I remember the first time I saw a dead body. It wasn’t gross or gruesome or anything like that but, never having seen a dead person before, it was, if nothing else, informative.
Mr. Brewer had been a friend of my grandparents since well before I could remember. I assumed he was older than Grandpa because even though they both had grey hair, Grandpa had more of it. Mrs. Brewer had died long before I arrived, and her loss was Grandma’s excuse for why Mr. Brewer’s house looked shabbier and more piled up with every kind of junk each time they came by.
Mr. Brewer was old, but he was strong. He would come to Grandpa’s workshop with his battered pickup and rattle-trap trailer and buy a few logs from Grandpa’s last foray into the woodlot. So that the logs would fit into Mr. Brewer’s vehicles, the men would use the block and tackle to maneuver the logs into a pair of X-shaped braces then, with a two-man saw, cut them to size. Using the same block and tackle, they would swing the cut logs into the pickup bed and into the trailer, Grandpa handling the rope, Mr. Brewer working the peavey pole. It was then that Mr. Brewer would give my grandfather a few crumpled bills and a handful of pocket change that Grandpa never counted, then drive off, his wheezing old pickup spitting gravel from under the tires as it made its way up to the paved county road.
A few days later, driving into town, we would see a crude sign as we approached Mr. Brewer’s place at the bend in the road, a sign announcing he had ready-split stove wood for sale. Around the bend, there he would be, stripped down to his trousers, boots, and tattered brown fedora, the skin of his back glowing pale against the grey morning mist. His axe rose and fell with a thud, the wood split with a crack, and the new wood thumped onto the stump in a predictable rhythm that I would tap out silently with my feet on the carpet of the back seat. I would watch him through the back window of Grandpa’s pink Nash Rambler until he was out of sight.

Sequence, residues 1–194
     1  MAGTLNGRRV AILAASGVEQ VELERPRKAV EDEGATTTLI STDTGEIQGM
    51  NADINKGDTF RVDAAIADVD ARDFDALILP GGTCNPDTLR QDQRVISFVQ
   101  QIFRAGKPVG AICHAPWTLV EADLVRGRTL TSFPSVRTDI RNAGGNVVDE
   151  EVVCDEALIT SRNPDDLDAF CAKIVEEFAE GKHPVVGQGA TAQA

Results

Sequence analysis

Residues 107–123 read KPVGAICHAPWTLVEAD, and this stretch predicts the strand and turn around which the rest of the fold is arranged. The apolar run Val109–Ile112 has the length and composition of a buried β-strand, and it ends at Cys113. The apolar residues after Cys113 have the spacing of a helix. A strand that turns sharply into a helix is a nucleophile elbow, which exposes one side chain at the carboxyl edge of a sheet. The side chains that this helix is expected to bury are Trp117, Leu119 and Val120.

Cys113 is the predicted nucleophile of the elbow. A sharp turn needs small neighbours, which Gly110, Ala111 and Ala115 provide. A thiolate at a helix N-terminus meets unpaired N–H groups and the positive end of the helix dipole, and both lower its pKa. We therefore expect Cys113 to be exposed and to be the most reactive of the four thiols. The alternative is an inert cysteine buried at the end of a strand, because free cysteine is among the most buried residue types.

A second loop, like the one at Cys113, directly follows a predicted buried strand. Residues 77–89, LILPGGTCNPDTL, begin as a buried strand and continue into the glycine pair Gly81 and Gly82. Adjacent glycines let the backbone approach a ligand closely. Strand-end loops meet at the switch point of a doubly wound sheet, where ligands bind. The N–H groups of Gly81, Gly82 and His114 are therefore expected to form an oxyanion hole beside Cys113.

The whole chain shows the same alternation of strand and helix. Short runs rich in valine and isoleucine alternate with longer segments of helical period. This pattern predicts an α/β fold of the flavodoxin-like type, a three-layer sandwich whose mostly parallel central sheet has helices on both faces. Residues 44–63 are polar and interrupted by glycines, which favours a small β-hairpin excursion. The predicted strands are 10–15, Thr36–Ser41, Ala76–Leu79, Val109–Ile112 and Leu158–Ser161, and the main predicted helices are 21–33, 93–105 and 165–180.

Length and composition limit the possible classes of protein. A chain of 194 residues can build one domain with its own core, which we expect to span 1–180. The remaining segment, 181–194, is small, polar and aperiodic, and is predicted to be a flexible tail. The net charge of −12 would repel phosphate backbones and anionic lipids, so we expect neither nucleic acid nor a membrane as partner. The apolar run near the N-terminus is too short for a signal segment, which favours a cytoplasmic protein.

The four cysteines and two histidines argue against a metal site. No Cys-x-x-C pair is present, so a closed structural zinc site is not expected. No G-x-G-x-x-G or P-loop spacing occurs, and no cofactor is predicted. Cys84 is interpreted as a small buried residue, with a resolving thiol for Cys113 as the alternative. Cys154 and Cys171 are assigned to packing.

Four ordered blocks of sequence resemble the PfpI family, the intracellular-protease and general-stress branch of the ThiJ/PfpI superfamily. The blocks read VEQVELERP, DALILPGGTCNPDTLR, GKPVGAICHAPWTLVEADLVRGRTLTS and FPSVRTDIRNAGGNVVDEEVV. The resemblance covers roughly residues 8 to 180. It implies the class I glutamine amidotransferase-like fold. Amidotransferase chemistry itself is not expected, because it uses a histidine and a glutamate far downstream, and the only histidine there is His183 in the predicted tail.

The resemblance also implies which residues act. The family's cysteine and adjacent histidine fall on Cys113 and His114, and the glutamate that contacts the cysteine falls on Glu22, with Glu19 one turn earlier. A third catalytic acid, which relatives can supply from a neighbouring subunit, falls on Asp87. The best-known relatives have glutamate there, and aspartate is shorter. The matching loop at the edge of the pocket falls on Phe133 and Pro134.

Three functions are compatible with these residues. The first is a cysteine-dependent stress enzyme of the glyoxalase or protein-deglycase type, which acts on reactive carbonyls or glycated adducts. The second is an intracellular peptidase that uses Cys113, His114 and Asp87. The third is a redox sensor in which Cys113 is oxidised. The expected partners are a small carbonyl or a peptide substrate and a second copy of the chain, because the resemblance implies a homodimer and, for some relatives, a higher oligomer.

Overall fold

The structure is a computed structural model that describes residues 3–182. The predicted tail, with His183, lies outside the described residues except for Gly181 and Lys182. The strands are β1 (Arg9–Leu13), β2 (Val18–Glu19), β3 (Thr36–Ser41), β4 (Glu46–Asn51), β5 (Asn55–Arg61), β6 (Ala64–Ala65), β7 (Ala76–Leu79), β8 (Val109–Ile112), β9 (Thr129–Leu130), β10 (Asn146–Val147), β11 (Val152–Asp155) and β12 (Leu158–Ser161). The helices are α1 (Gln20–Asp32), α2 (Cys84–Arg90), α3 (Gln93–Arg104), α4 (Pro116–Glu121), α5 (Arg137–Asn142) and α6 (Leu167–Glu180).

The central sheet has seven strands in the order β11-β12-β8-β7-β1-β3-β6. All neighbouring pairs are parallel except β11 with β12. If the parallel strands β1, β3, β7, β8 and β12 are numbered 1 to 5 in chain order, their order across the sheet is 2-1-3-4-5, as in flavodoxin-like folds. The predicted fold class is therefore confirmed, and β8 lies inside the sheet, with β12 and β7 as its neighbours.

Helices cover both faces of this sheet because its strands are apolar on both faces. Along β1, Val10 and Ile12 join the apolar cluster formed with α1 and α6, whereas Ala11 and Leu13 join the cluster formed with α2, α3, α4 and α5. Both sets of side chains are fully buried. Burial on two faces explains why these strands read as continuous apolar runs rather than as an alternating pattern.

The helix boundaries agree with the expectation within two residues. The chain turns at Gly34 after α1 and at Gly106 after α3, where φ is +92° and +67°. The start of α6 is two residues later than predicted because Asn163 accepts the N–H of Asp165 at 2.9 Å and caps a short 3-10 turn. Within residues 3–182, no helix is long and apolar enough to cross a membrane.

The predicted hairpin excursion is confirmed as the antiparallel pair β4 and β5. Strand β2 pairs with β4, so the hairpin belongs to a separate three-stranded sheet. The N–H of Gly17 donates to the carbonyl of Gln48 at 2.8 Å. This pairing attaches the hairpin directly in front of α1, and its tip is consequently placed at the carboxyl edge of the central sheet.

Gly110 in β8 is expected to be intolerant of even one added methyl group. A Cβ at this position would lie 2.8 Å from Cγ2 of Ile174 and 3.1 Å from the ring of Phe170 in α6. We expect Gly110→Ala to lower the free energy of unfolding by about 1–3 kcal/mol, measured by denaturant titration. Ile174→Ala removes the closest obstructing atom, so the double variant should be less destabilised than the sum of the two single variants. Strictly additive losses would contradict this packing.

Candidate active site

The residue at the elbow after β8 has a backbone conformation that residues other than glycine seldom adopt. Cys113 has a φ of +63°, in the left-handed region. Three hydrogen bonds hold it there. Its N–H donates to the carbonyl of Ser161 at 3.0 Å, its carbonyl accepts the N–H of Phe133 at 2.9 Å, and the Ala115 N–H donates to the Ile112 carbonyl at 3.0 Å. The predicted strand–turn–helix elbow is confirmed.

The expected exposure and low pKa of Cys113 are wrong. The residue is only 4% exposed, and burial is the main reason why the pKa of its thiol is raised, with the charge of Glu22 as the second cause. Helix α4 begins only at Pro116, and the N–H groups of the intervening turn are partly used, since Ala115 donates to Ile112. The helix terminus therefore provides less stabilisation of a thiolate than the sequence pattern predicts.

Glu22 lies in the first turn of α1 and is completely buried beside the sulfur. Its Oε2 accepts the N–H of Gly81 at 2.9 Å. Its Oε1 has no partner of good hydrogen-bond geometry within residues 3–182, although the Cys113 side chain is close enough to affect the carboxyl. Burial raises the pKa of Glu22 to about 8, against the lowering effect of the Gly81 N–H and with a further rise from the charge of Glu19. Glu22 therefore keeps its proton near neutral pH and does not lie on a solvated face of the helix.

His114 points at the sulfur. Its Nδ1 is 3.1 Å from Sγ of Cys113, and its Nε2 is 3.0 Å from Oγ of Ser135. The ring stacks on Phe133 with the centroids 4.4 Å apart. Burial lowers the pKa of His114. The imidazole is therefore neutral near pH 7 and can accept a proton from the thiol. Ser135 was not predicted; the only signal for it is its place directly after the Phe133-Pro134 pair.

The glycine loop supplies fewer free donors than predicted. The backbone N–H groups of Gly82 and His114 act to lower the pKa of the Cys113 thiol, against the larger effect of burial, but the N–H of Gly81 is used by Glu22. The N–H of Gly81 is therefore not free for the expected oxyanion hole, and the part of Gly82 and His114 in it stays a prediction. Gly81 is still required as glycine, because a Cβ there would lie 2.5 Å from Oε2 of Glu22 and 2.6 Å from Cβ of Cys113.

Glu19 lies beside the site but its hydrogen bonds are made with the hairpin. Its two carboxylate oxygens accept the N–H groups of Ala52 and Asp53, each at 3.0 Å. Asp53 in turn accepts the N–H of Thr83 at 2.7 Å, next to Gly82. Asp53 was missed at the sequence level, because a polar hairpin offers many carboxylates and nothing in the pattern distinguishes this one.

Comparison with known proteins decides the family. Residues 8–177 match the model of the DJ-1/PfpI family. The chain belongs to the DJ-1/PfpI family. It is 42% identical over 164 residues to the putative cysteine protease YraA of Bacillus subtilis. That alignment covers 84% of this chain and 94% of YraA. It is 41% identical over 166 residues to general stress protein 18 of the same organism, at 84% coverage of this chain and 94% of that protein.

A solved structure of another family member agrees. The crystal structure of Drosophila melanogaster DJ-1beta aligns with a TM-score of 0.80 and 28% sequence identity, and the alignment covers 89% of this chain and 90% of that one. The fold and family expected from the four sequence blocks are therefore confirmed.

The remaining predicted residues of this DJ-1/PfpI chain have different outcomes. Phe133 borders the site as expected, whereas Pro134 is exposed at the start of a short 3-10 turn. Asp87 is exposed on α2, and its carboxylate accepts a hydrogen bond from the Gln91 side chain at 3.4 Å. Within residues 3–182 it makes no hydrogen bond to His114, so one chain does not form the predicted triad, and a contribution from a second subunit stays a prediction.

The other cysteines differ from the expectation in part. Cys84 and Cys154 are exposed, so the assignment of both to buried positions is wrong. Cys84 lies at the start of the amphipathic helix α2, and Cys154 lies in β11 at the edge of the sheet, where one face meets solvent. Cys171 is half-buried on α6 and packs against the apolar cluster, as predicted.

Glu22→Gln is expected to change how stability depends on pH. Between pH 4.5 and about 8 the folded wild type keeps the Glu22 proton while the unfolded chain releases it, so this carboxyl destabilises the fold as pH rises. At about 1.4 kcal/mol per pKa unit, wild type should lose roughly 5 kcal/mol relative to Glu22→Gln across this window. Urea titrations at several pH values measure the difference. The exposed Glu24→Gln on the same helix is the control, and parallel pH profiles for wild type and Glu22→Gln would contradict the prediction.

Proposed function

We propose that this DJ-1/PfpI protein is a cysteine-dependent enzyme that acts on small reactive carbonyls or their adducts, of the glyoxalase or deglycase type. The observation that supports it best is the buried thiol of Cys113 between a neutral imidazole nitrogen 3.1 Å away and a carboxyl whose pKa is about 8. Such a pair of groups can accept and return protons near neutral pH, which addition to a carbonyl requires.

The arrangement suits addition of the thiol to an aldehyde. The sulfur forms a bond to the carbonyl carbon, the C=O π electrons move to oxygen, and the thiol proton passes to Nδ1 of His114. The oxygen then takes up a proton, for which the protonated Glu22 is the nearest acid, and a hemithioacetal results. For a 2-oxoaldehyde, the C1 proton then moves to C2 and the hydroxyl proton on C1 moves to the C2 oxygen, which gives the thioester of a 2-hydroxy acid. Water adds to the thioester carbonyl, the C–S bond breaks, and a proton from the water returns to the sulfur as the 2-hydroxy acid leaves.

I wouldn’t say Mr. Brewer was a favorite of the family—he was never invited to dinner or picnics or anything—he wasn’t very sociable and Grandma said he “never met a bar of soap he liked well enough to lay hands on.” He was what my father called “hard up.” Charity was neither offered nor asked, but while Grandpa and Mr. Brewer cut the logs, Grandma would come across the road with lunch. Usually that consisted of giant sandwiches of homemade bread stuffed with left-over chicken or roast beef and studded with Grandma’s pickles and generous wax paper-wrapped portions of her latest cake or pie. She deliberately packed more than they could possibly eat and, without a word being said, Mr. Brewer took the extra food home with him. When Grandpa came in and handed Grandma the money Mr. Brewer paid for the logs, they both knew it was less than Grandpa could get for them at the sawmill, but “It saves the gas money and the trouble of loading up the truck,” they would tell each other.